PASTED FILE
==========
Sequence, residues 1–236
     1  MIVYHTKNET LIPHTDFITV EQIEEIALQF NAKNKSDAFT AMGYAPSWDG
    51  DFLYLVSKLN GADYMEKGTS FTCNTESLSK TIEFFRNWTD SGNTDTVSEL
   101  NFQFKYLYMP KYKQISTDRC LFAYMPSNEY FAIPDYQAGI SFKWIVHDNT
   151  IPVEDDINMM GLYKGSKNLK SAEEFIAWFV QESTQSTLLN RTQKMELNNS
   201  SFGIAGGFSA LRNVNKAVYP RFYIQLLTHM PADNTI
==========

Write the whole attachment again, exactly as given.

Sequence, residues 1–236
     1  MIVYHTKNET LIPHTDFITV EQIEEIALQF NAKNKSDAFT AMGYAPSWDG
    51  DFLYLVSKLN GADYMEKGTS FTCNTESLSK TIEFFRNWTD SGNTDTVSEL
   101  NFQFKYLYMP KYKQISTDRC LFAYMPSNEY FAIPDYQAGI SFKWIVHDNT
   151  IPVEDDINMM GLYKGSKNLK SAEEFIAWFV QESTQSTLLN RTQKMELNNS
   201  SFGIAGGFSA LRNVNKAVYP RFYIQLLTHM PADNTI